It turned out to be the English guy, in a state of mental confusion. He run away from home, believing his wife wants to kill him. We met her later on and she told us that indeed he has a psychosis brought on by years of drug use and now being on withdrawal, and she was trying to find him. He appeared again in the afternoon on the camino, shouting and calling for Nigel. He briefly came inside the gate, Nigel trying to calm him down. A short while later the police arrived being called by our neighbour, and all went very still. In their presence he took his prescribed medication and everybody went home eventually. We helped out over the next couple of days by letting the wife have our jeep, as theirs was gone and they have no transport other than a bicycle, to be able to attend the clinic, the police station and the court; a long story, a sad story, a common story. He is now in a mental intuition after spending two nights on the streets and she wants to get a divorce, as after 15 years she has enough of trying to keep him out of trouble, always looking after him and realising that it has sapped all her strength and energy.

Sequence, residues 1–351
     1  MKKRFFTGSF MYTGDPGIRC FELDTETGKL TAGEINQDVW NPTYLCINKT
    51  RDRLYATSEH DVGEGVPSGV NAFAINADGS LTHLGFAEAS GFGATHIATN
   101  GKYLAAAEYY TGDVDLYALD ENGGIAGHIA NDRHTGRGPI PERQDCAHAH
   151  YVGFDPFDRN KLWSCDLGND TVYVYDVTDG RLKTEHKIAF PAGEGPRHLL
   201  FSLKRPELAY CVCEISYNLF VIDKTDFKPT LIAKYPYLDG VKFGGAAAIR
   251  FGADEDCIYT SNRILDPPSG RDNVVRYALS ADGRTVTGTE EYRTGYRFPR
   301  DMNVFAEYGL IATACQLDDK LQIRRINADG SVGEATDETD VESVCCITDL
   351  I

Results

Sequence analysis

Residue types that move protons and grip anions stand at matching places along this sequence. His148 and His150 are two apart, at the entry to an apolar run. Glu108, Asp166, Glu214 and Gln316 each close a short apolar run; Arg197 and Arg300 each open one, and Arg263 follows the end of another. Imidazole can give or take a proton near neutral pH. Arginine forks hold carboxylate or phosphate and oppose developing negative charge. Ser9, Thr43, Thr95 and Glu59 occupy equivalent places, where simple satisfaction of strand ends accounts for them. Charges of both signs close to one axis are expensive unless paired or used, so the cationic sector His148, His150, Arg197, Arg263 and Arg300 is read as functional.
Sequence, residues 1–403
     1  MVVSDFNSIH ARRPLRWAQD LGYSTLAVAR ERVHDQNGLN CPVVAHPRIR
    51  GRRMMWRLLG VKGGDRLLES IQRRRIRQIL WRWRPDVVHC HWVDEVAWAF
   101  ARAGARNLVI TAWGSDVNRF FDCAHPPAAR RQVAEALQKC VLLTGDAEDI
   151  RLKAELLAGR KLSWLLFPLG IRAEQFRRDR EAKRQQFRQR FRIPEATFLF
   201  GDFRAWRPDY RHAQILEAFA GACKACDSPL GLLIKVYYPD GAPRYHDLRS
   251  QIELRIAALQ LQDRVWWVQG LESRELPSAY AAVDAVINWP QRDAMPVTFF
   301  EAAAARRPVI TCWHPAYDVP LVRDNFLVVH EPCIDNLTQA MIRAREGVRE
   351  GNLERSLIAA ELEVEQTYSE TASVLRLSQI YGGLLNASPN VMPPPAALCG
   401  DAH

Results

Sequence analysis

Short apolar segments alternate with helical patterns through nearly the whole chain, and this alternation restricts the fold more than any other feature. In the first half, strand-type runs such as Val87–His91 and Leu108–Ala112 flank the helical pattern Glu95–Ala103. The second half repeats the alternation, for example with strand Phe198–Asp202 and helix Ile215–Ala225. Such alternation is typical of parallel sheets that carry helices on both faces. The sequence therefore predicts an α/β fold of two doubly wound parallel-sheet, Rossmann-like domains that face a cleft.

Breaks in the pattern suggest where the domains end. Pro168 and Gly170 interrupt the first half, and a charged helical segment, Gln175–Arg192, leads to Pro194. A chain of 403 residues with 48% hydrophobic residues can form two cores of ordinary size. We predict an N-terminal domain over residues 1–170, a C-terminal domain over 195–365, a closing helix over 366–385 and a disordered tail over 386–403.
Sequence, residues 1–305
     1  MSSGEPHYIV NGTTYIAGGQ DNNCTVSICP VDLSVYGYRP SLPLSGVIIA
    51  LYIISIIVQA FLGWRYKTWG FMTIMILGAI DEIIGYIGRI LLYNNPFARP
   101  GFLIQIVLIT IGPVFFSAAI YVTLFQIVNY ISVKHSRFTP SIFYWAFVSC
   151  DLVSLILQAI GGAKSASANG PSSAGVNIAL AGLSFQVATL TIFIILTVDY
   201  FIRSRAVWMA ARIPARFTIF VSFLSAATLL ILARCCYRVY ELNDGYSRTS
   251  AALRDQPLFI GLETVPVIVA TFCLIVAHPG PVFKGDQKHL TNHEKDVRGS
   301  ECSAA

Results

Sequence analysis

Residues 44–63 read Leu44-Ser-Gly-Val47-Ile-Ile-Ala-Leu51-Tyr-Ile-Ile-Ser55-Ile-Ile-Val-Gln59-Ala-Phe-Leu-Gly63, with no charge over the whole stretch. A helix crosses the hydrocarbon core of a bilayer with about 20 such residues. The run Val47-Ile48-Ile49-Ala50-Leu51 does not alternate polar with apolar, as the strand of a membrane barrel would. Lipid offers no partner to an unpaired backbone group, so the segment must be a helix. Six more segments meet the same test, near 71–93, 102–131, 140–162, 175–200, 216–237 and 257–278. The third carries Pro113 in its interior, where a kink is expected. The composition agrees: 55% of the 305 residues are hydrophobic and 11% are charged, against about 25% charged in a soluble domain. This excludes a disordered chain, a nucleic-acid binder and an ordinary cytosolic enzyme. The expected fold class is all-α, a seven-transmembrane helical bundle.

Saca de las Yeguas 2019

sdr

Almonte has not just the Romeria and the Virgin of El Rocio, it also has one of Andalucia’s most important horse events, the Saca de Las Yeguas, the Running of the Mares. There is a unique race of horses here in the Doñana National Park, the Marismeña race. These horses are the original American mustangs. They were imported to America on ships from Huelva, starting with Christoph Columbus in the 16th century.

For the past 500 years on the 26th of June, the mares and their foals, born in the marismas of the Doñana National Park, are brought by the Yegüerizos, the local horse men and women, first to the church in El Rocio to be blessed. Then they proceed through the streets of Almonte to the Recinto Ganadero, the livestock corral, where they are cleaned, vaccinated, reshod, their manes are cut, the foals are branded and some horses sold. After three days they return to their grazing grounds in the Doñana, passing by our gate. This year there were 1,500 horses being herded to and from their grazing areas.